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What is an IRR?

IRR is described as the initial rate of return. Investors use this to know how an investment opportunity adds up against their investing criteria. But how do you know what IRR to achieve on a particular investment? Every deal is different, as well as it depends on the asset class you are investing in. There are a ton of investors out there who shoots for 14% to 15% IRR on their assets, but they have no clue where or how they came up with this number, and if asked they would not be able to explain it to their investors.

What does this mean for the investor? Here is the short version: "A property's internal rate of return is an estimate of the value it generates during the time frame in which you own it. Effectively, the IRR is the percentage of interest you earn on each dollar you have invested in a property over the entire holding period." Source: (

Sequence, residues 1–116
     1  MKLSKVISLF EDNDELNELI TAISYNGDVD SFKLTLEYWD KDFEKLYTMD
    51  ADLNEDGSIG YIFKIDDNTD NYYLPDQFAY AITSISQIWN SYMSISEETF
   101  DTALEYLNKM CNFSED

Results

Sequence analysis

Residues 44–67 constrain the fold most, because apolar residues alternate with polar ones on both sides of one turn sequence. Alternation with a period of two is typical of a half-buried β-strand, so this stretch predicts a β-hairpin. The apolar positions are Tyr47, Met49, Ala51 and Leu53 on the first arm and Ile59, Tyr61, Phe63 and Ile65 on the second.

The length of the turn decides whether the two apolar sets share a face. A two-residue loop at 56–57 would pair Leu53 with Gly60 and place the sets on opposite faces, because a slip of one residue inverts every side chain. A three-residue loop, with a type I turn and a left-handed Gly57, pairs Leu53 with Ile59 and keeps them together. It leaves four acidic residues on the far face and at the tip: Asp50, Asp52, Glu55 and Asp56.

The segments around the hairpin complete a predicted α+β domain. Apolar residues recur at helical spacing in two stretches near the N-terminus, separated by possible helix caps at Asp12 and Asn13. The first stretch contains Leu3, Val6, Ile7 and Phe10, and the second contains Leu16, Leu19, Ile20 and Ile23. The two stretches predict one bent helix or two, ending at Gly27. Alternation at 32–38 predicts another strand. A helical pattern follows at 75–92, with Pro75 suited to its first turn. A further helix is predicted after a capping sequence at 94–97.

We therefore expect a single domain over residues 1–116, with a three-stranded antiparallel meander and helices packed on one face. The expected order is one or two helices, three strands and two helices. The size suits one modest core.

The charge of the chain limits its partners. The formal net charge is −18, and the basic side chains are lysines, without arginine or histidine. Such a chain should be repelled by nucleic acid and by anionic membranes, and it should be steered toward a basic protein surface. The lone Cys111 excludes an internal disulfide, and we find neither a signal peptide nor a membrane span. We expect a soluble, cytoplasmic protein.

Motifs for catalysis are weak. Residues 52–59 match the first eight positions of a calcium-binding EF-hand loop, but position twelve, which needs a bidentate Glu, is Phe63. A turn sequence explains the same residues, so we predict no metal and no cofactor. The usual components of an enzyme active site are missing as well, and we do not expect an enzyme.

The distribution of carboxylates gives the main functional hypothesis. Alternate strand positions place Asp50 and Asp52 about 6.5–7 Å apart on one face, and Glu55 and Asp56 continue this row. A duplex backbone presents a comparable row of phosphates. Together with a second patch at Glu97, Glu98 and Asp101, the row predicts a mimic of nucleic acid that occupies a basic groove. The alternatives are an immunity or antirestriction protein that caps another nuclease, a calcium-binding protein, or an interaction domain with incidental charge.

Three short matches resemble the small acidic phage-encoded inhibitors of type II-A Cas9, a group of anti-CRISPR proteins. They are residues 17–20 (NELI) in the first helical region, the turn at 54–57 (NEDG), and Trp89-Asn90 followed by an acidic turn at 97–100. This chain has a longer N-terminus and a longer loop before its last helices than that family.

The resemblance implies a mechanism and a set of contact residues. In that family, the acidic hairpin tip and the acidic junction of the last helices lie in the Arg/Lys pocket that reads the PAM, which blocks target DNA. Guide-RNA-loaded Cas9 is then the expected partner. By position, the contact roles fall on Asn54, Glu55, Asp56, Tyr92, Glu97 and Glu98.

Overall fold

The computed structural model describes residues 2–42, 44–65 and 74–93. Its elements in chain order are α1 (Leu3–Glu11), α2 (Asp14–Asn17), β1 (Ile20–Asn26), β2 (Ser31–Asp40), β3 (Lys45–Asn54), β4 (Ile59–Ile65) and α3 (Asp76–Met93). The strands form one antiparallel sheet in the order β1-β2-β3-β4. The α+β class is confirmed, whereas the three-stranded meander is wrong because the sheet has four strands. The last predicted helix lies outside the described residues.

Each asset class will have a different IRR target, and it's important to know what's your target IRR and how did you come up with this number. Its impossible to understand IRR without understanding net present value (NPV). NPV is more accurate then the IRR because it calculates the return of the investment in much more detail then the IRR. Also NPV can let you know if you are overpaying for a property, even if the IRR says its a good investment. More on NPV later.

When using IRR make sure you understand the ins and outs of how the IRR is calculated and exactly what it means for its asset class, the investment opportunity, and the investors.

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